Boris Johnson was quoted as saying recently, “I think now with President Biden in the White House in Washington, we have the real prospect of American global leadership in tackling climate change.”

Although the Republican Party may keep control of the Senate, bipartisan cooperation was successful recently in reducing the use of powerful GHG refrigerant hydrofluorocarbons (HFCs) and in the Bipartisan Wildlife Conservation Act designed to improve conservation and protect ecosystems.

Although the president-elect may have to make political compromises domestically, he has promised to convene a special meeting of world leaders on climate change in his first 100-days.

He could return the US quickly to the Paris climate change process with upgraded emission-reduction commitments. This would be an important foreign policy bonus for the UK as co-host of the pivotal COP26 summit which Mr Johnson is anxious should be a success for post-Brexit Britain.

With the US’ shoulder to the wheel, achieving the Paris December 2015’s COP21 aim of keeping global temperature rises to no more than 1.5C is said to be potentially achievable.

President Biden’s goals

Ideally, Joe Biden would like most US power-generation to be carbon free by 2035, with net-zero emissions by 2050; there would also be emissions cuts from four million buildings.

He also envisages heavy spending on green public transport, electric vehicle (EVs), the manufacturing sector, with new financial incentives to use clean cars.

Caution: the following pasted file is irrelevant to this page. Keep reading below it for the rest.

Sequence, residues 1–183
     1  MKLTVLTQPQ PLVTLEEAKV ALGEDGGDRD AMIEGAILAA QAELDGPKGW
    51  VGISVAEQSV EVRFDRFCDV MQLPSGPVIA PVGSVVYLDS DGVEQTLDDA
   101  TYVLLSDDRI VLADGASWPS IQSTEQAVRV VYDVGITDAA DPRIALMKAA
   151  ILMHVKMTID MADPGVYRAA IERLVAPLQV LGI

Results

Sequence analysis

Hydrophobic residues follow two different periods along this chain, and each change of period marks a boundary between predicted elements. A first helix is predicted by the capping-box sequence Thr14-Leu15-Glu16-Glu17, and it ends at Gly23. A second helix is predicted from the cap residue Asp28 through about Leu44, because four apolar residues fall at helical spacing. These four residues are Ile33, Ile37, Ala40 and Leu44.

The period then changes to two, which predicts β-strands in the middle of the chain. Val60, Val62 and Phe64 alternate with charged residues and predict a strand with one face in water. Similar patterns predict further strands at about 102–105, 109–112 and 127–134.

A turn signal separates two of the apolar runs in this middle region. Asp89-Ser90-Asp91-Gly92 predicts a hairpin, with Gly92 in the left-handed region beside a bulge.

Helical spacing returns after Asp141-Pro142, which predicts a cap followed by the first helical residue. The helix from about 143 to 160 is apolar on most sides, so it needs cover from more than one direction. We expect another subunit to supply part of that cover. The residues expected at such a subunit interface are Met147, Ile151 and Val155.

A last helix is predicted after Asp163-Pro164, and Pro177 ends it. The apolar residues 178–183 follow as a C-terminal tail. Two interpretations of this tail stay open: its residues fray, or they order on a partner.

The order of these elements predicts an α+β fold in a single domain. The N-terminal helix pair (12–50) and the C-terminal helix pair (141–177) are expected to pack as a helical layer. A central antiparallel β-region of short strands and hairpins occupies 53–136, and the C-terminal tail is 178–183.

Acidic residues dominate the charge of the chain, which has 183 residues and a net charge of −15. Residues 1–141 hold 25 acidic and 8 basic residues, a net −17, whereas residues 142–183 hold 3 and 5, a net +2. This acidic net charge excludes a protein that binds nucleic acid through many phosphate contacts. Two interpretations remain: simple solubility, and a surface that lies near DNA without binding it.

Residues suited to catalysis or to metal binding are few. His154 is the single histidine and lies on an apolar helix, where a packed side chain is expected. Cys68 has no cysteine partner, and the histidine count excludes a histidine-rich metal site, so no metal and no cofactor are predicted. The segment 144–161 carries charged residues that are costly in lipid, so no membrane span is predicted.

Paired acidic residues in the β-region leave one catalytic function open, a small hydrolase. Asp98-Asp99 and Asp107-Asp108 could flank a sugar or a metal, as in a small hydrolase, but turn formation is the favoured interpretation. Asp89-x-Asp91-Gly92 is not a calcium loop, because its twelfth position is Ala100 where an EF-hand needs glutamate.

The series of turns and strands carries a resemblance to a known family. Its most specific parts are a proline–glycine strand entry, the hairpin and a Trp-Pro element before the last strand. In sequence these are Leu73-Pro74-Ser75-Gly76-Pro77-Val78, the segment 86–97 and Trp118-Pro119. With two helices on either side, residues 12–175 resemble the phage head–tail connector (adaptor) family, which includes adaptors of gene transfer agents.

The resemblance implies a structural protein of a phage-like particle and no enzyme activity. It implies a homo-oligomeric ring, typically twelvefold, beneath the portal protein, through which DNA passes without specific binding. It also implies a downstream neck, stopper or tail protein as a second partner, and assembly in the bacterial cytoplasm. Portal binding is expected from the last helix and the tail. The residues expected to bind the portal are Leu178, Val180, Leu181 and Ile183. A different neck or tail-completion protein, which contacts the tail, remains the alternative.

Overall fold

A White House National Climate Council, a “carbon bank” to pay landowners for storing carbon, vehicle electrification via the transport department, plus a Treasury climate policy that promotes emissions cuts through tax, budget and regulatory policies are also on the cards.

Two to tango

However, for a successful partnership the UK needs to put forward its own an effective net-zero emissions strategy. No 10, No 11 and BEIS have been busy developing a radical 10-point strategy announced on 18th November designed to deliver the UK’s 2050 carbon-free goal.

It will build on the offshore wind power expansion plan the Prime Minister unveiled recently. Building at least one new conventional nuclear power station is another component.

Although six sites were ear-marked a decade ago, only one – Hinkley Point C in Somerset – is currently under construction. A second Sizewell C reactor could be built in Suffolk, with work starting in the life of this Parliament. The potential role of fusion power which joins rather than splitting atoms is also being considered.

A key change will be bringing the ban on sales of new petrol and diesel vehicles forward from 2040 to 2030. Other agenda items will be carbon capture technology to clean up some fossil-fuels, hydrogen to replace fossil-fuels, home heating targets using ground-source heat pumps, plus better home insulation and replacing 25 million household gas boilers.

Owning a Rolls

By 2025, Rolls Royce expects to create 6,000 new UK jobs by building 16 small modular reactors (SMRs) around the UK similar to the type that power nuclear submarines.

Manufactured in factories and then moved to site, these could provide 440MW of electricity, enough to power 450,000 homes, over a 60-year life span. However, they will have to compete with increasingly cost-efficient wind and solar power and may be more expensive.

SOS in a bottle

A tiny experiment carried out at the North Pole proves that we have little time to waste in facing up to the consequences of global warming.

A metal cylinder sunk into the polar ice in 2018 by passengers and crew of a nuclear icebreaker was found on the Irish coast in November after breaking free of the Arctic Circle and travelling 2,300 miles!